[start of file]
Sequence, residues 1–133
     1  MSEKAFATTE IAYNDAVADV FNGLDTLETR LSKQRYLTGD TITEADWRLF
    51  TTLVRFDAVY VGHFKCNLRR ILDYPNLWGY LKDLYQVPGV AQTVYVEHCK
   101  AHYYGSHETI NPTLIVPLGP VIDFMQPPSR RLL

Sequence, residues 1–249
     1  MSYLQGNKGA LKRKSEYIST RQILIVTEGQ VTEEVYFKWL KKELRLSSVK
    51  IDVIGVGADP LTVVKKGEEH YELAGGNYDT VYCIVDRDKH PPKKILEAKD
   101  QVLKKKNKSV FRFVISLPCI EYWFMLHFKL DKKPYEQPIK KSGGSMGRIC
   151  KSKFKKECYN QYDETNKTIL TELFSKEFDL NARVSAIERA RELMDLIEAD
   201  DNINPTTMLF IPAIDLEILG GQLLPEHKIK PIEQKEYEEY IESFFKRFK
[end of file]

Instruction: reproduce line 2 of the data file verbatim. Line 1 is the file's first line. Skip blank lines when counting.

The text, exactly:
     1  MSEKAFATTE IAYNDAVADV FNGLDTLETR LSKQRYLTGD TITEADWRLF